As we approached the lush green cliffside of Atuona, the bay wrapped Sonrisa in a warm tropical embrace. Sonrisa offered her cheek and received the traditional welcome from her old French friend: "kiss-kiss." The scent of flowers tickled all of our noses like a sweet perfume. We have arrived after 21 days and 20 hours at sea.
We ensure the hook is firmly set, unfold Grin and set to rowing. The anchorage was crowded and we like to reserve an easy escape, so once again we were furthest boat from the dock landing. Row, row, row. We find a spot to land, and step up on the dock. Picking our way up the cement and stone stairway, the land swayed back and forth beneath our feet. "Isn't this stuff supposed to be stationary?" I ask, my legs and feet confused by the sensation of terra firma.
A gas station is the only hint of civilization anywhere near the dock. The rest of town is situated approximately two miles away. We start our walk, and soon we are followed by two young boys (approx. 12 years old) donning flipflops, swim shorts, T-shirts and a "NIKE" backpack. They walk directly behind us, not two feet away. We greet them: "Bonjour," and they continue to walk directly behind us. Soon, one is picked up by a passing car, and the second one continued to walk. We let him pass us, figuring we are slow and he would like to get by, but he hung back with us. He walked along, stopping at an overlook here or observing a beautiful hibiscus flower there. He didn't speak a word to us, but played upbeat Polynesian music over his iPhone speaker.
Starving, we broke off at the first restaurant and went our separate ways. As we sat at the table, we realized he as giving us a tour! Sorry that I didn't try out my rusty, broken French with our tour guide, we turned our attention to fresh vegetables. There must be some here somewhere. We read down the menu and select a salad with cheese and a salad with ham, respectively. It arrives, and it is as satisfying as we hoped: a large pile of fresh lettuce, cabbage, carrots and green peppers, surrounded by a halo of tomatoes and topped with cheese/ham. It was served with a light, tangy dijon vinaigrette, and a bowl of fresh baguette slices. After 22 days at sea with only the food you can carry with you, a fresh pile of cabbage is mana from heaven.
As we eat lunch, we see waterfalls begin high atop the lush green cliffs. We are surrounded by flowers and fruit growing wild, everywhere. You can smell the sweetness of rain in the air. The town of 1500 people is small, manicured, clean and friendly.
The influence of French and Polynesian cultures blend harmoniously. As you arrive in town, the first thing you see is a large white cross sitting high atop the hillside. The roads and social centers are lined with stone and wood carvings of Polynesian Tikis. Food served at the three restaurants in town include crepes, baguette sandwiches, steak and frites and also goat with coconut milk, poisson cru (raw fish "cooked" in lime juice and coconut milk), and various pig based dishes. Two languages are spoken interchangeably: French and Marquesan.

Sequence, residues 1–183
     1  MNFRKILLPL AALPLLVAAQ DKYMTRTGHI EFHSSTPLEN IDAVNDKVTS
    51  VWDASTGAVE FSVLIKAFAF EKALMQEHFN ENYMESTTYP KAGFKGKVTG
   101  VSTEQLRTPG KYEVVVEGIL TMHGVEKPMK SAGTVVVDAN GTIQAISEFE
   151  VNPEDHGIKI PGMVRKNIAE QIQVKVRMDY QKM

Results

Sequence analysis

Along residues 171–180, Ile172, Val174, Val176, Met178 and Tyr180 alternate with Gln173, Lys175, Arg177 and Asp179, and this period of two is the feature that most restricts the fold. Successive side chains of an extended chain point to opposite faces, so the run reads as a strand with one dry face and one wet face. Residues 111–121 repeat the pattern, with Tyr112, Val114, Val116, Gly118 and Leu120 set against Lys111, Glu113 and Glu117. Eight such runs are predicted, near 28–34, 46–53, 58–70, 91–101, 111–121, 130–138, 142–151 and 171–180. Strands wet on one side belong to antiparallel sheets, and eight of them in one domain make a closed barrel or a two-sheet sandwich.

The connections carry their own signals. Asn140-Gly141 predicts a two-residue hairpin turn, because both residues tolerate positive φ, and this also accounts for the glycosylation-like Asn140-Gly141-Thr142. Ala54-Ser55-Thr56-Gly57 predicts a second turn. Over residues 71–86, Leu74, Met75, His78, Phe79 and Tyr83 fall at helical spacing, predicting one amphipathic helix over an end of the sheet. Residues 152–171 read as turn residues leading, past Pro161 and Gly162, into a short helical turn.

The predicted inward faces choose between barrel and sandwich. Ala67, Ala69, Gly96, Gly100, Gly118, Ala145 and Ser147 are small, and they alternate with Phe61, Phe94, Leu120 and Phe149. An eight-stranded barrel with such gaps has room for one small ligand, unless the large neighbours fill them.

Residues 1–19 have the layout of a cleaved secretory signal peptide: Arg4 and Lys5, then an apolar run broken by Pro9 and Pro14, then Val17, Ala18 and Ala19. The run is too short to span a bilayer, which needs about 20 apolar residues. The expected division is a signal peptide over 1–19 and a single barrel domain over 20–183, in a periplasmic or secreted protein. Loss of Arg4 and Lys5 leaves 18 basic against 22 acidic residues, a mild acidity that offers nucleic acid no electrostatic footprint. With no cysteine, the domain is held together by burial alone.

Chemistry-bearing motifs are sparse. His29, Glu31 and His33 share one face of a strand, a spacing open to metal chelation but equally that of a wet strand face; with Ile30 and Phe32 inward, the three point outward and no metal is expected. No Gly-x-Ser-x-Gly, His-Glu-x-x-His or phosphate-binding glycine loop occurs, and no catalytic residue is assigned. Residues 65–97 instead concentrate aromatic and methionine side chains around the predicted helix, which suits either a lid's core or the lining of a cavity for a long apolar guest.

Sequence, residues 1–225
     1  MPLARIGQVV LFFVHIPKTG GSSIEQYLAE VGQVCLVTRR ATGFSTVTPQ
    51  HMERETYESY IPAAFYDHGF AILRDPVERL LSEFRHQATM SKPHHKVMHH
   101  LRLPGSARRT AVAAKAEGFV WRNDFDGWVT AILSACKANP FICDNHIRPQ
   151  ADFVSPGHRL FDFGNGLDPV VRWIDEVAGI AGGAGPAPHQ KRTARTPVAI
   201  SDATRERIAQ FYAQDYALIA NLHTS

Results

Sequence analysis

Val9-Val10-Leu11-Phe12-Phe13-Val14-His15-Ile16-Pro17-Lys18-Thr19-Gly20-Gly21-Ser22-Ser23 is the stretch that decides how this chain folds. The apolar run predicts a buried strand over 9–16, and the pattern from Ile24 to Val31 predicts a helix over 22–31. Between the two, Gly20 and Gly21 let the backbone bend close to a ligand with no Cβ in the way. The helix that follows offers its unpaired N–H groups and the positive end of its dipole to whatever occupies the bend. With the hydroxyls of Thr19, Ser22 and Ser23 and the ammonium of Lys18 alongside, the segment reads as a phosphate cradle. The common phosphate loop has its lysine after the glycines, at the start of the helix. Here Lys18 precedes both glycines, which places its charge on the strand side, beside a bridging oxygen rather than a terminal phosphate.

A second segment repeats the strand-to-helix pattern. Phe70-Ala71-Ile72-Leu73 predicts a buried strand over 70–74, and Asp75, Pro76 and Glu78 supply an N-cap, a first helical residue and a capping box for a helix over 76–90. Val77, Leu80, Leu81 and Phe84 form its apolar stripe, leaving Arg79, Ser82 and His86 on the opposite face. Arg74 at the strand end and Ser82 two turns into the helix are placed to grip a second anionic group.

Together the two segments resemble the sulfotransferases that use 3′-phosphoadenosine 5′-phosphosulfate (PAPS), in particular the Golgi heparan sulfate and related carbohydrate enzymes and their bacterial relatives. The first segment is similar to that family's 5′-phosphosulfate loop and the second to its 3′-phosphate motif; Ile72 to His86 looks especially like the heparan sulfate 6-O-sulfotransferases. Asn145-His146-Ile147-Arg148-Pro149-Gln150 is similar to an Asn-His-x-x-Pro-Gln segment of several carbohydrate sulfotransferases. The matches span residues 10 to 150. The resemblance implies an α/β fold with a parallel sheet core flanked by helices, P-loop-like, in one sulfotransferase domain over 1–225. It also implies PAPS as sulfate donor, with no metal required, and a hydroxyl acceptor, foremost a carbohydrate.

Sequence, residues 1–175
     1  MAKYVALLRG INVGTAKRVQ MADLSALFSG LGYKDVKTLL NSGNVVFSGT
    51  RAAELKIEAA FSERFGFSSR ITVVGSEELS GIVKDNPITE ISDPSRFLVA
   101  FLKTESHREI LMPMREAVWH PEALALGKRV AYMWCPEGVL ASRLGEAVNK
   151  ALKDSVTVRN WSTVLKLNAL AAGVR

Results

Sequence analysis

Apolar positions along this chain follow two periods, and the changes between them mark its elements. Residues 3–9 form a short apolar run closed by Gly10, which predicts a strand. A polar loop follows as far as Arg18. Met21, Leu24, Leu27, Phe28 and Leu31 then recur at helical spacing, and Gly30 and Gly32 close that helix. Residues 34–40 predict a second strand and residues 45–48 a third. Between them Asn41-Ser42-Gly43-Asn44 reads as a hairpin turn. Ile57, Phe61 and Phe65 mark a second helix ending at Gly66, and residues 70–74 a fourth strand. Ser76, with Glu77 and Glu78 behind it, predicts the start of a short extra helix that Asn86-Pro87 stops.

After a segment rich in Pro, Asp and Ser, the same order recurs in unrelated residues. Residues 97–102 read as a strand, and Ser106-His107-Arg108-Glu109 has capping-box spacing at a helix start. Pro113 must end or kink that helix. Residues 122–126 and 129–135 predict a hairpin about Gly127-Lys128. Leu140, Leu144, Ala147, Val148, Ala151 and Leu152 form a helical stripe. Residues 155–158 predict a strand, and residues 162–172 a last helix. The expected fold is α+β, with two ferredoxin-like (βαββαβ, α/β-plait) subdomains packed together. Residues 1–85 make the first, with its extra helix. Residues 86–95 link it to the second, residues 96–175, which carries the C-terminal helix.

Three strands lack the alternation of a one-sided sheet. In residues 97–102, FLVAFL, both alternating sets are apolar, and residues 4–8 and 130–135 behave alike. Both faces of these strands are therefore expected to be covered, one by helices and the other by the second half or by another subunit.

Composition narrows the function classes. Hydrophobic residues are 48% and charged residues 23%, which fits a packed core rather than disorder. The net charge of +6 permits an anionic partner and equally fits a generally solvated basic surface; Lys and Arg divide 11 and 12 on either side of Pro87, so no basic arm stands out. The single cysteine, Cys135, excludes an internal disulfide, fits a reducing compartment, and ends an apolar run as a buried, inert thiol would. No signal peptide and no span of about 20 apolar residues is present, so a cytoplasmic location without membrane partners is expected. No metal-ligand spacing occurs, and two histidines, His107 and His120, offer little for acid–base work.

Locals wear flowers in their hair like an American might wear a baseball cap. You hear live drum beats, ukulele-like guitar sounds and singing floating from back yards, schools, patios and military barracks. Sometimes these are solo performances, but most often, they are groups of family/friends gathered together for some music. Locals could be found enjoying the beach, fishing from the marina dock, or soaking in one of many beautiful views.
This place is not too shabby.
On Saturday morning, our agent Sandra takes us to the Gendarmerie (police office) to check into the country. With that bit of business finished, we explored the grocery stores to replenish our dwindling boat stock. All sorts of strange things come in cans here: Pate, butter, cheese. We find some tasty looking meat (both frozen and fresh) including bacon, salami, cornish game hens, sausage, and steaks from New Zealand, rubbed with Herbs de Provence. We load up the backpack, finagle a "taxi" ride (i.e. some guy standing in line at the grocery store that the cashier knew), and row ourselves back out to Sonrisa. We will have to do a few more loads like this.
Having learned our lesson from Isabela, we hit the ATM and withdraw cash in bite sized chunks each day. We have heard that the Tuamotus have no ATMs, only operate on a cash basis, and are very expensive. So, we have to plan ahead again. No matter, the good ATM is the only places in town graced with air conditioning. It's a momentary respite from the sun and humidity.
With money, food and land legs replenished, we were ready to do some serious exploring! For dinner, we followed a wave of locals out to the pier. A food truck, and a number of small plastic tables and chairs were set up on the dock. The tables had table clothes and were lit by little candles. You ordered your dinner at the food truck window, then a waitress would bring it out to your table. The choices included several savory crepes, dessert crepes, steak & frites, chicken chow main, poisson cru, or fish with rice. We looked round at each table, and everyone had either steak & frites or chow main. So, when in Rome�the chow main was salty, tasty and plentiful. The steak was good, but the fries were amazing: crispy on the outside, silky potato on the inside. They were served with an A1-like sauce on the side, sweet and tangy. For dessert, we enjoyed a crepe filled with Nutella and topped with Tahitian vanilla ice cream and Chantilly (whipped cream).
With friendly people, beautiful landscape and tasty food, the adventures here look promising.